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theodore M I R A L D I mpa ... editor, publisher, writer
Sunday, September 2, 2018
The New York Times FAILS to ACKNOWLEDGE the CRISIS of Public Confidence
The New York Times building AFP/Getty Images Michael Goodwin
Test your knowledge of current events by answering this question: Which organization remains stuck in deep cover-up mode?
A) The FBI B) The Roman Catholic Church C)Both of the above D) Neither of the above
If you get your news only from The New York Times, you believe the correct answer is D, neither of the above. Other people know the correct answer is C because they see the leaders of both organizations acting as if the public can’t handle the truth.
It is not my intent to suggest the FBI and the Vatican are in all ways comparable. Far from it.
Yet they are in similar straits because each faces a crisis of public confidence. Those crises are severe because of internal decisions to parse, obscure and withhold important facts.
While a desire to protect historically valuable institutions from external harm is understandable, the goal cannot come at the expense of honesty and truth. When it does, the damage grows.
One result is that the same questions are being asked of both the Church and the FBI: What did their leaders know and when did they know it?
The Vatican’s failure to come clean about sexually abusive clerics has cost it dearly over the last 15 years, and the consequences are now engulfing Pope Francis.
Vigano, a former Vatican ambassador to the US, calls on the pope to resign and declares that there are “homosexual networks” corrupting the Church from within.
He writes that many current priests and bishops committed immoral, forbidden acts or protected the guilty from exposure.
He accuses, by name, about 30 former and current officials, many of them in America. Perhaps most damaging, he says he personally told the pope in 2013 about McCarrick’s record but the pontiff still released McCarrick from sanctions imposed by Pope Benedict.
The scathing letter requires a full Vatican response, but the pope declined, telling reporters: “Read it carefully and make your own judgment. I will not say a single word about it.”Vigano writes that by doing so, Francis “associated himself in doing evil with someone he knew to be deeply corrupt. He followed the advice of someone he knew well to be a pervert, thus multiplying exponentially with his supreme authority the evil done by McCarrick.”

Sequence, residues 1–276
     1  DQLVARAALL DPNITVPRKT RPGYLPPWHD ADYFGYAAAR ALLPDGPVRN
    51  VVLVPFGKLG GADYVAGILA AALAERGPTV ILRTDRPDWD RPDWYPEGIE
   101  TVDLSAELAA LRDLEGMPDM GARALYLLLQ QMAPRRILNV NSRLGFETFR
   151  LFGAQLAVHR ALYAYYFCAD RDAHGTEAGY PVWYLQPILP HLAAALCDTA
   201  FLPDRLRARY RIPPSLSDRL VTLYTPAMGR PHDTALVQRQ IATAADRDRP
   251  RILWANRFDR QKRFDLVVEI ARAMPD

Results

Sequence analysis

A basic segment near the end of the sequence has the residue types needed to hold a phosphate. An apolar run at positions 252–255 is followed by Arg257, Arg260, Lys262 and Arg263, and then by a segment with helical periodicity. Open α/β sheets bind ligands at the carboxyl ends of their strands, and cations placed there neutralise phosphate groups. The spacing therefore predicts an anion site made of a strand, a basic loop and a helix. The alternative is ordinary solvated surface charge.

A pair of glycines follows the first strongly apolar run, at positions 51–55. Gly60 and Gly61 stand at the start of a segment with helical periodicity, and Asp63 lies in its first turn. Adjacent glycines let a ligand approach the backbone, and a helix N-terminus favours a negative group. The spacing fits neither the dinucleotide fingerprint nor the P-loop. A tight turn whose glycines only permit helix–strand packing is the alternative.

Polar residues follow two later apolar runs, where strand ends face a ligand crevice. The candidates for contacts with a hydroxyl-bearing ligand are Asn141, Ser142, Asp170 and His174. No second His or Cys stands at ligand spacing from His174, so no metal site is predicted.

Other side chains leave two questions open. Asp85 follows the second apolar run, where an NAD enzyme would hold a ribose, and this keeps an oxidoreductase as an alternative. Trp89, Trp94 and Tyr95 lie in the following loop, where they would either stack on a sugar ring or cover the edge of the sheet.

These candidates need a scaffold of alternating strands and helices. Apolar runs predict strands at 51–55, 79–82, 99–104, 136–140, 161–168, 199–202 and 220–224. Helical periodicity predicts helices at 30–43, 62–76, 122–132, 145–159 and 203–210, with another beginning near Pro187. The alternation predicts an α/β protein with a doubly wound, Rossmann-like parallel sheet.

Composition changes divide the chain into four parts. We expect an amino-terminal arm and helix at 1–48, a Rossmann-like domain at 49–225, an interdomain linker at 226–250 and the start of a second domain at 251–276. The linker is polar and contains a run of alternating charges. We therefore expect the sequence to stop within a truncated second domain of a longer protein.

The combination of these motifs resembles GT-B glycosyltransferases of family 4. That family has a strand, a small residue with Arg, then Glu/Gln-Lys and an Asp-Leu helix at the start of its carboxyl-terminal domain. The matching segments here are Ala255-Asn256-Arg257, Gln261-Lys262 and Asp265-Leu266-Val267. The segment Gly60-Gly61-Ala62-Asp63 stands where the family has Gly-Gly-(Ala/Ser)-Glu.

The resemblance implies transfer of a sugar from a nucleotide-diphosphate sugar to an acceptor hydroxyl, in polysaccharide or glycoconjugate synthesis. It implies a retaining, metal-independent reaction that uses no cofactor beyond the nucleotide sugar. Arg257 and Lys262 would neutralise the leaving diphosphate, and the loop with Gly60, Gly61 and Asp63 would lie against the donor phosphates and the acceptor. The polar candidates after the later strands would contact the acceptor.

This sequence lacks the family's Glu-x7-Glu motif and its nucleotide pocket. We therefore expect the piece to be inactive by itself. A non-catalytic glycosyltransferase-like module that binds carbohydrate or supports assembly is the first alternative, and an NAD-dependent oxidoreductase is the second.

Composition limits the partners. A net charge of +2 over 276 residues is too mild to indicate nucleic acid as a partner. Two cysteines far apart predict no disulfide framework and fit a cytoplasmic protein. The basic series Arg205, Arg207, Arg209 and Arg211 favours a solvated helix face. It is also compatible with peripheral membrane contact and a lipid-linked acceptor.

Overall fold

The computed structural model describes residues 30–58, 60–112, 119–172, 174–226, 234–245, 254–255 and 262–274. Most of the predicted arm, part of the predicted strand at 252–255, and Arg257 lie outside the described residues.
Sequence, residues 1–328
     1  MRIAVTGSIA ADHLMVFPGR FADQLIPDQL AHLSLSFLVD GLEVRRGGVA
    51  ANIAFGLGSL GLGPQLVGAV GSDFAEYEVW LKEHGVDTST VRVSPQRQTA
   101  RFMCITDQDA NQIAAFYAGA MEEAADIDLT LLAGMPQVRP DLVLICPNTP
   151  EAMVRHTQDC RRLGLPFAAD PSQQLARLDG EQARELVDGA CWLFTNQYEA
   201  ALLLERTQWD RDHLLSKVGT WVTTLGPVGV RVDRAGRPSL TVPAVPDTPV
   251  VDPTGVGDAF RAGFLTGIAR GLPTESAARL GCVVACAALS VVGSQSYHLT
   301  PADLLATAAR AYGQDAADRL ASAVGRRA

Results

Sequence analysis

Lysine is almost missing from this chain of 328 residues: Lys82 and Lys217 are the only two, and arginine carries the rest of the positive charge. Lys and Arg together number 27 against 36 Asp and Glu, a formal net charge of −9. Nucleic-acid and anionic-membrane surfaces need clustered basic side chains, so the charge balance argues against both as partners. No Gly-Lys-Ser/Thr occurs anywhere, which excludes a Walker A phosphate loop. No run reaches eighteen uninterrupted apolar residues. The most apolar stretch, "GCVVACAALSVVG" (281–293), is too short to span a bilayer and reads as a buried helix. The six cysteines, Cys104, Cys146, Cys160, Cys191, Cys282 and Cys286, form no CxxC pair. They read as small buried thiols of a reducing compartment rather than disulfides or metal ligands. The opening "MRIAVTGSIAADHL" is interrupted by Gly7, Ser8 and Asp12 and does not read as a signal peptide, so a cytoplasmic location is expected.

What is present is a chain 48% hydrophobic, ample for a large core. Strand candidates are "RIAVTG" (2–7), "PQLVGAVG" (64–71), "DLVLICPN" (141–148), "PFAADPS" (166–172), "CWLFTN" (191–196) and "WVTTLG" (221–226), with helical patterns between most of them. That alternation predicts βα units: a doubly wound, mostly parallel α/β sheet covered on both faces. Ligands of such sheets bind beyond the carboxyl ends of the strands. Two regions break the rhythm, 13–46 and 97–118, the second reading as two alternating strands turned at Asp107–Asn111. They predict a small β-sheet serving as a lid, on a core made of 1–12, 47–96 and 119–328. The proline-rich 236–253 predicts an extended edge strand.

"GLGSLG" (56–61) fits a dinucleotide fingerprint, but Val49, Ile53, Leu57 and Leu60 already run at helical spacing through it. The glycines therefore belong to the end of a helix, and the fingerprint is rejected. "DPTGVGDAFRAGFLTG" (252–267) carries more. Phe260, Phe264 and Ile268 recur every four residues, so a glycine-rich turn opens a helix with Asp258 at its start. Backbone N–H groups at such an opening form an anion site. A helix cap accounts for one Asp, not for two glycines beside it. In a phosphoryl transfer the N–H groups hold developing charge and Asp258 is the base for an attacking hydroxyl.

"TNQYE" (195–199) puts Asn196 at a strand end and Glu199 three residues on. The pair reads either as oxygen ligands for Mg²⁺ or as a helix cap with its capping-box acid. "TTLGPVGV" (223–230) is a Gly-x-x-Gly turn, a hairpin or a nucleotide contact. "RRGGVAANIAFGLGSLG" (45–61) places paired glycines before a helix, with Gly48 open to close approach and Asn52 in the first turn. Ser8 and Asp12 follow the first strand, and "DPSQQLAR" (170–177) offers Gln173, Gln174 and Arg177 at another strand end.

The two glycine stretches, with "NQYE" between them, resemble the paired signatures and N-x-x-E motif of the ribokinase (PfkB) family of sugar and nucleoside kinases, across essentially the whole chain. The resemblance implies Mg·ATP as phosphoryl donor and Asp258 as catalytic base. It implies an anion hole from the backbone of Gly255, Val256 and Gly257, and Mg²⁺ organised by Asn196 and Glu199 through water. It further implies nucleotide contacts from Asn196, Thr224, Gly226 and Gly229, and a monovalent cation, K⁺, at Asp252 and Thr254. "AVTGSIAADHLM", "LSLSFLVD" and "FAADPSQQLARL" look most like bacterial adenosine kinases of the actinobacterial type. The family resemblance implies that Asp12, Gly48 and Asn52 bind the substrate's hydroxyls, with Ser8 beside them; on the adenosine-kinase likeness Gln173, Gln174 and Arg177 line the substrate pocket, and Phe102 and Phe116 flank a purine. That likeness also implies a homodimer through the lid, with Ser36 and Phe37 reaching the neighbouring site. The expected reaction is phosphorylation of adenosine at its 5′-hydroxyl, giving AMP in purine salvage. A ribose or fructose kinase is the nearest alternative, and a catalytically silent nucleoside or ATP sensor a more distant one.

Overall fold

I suspect that won’t be his final word. The letter is so explicit and specific about events and individuals that silence will be ruinous to the Church’s credibility. Catholic news organizations are digging into the claims and some normally supportive lay Catholics already believe it’s possible the pope’s reign will be short as a result.
A clear exception is The New York Times, which is politicizing the issue by accusing Vigano of being part of an anti-gay, conservative cabal, a sort of deep state within the Vatican. The pope, on the other hand, is depicted as a compassionate progressive out to save the Church from the ignorance of men like Vigano.
By seeing the issue through the lens of its own prejudices, the Times, which never had much use for the Church, tries to obscure the only thing that matters: Is the pope guilty as charged? Everything else is noise.
Similarly, the Times and other liberal media are obscuring all that matters in the investigation of the FBI: Is the agency guilty of trying to sabotage Donald Trump before and after the 2016 election? Yes or no.
As with the Church, we can’t say for certain if the FBI cover-up is worse than the crime because the cover-up continues. By releasing information drip by drip, and only when it’s forced to, America’s premier law-enforcement agency confirms the worst suspicions.
The latest example involves the congressional testimony of Bruce Ohr, a top Justice Department official who continued to meet with and accept information from Christopher Steele long after the FBI fired Steele for lying.
In leaked portions of his testimony, Ohr said he warned the FBI that Steele was determined to block Trump’s election and that Ohr’s wife, Nellie Ohr, a Russian specialist, was working with Steele in compiling the anti-Trump manifesto. Such facts would help a judge get a balanced view of Steele’s motives and the FBI’s conflicts of interest.Steele, of course, is the former British spy secretly hired by Hillary Clinton’s campaign to dig up dirt on Trump in Russia. Steele fed his salacious, unverified claims to the FBI, which then briefly hired Steele and used his work to get a surveillance warrant against Trump associate Carter Page.
But the FBI reportedly never mentioned Ohr’s warnings to FISA judges or admitted it fired Steele. And now we learn, thanks to a Judicial Watch lawsuit, that FISA judges never held a single hearing before approving the request to spy on Page.
This month marks the two-year anniversary of those events, but still the public remains largely in the dark about what appears to be a an illicit attempt by the FBI to block Trump’s election.
At a Thursday rally, the president demanded that officials come clean, warning that if they don’t, “I will get involved.”
What’s he waiting for? He has the power to declassify the documents involved, and should use it immediately.
By doing so, Trump would keep his promise of transparency. And perhaps the pope would take the hint and do the same with secret Church documents. After all, miracles can happen.
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Some of us warned from the outset de Blasio was all talk and should not be trusted. The only hope now is that national Democrats will see the truth and steer clear of him.
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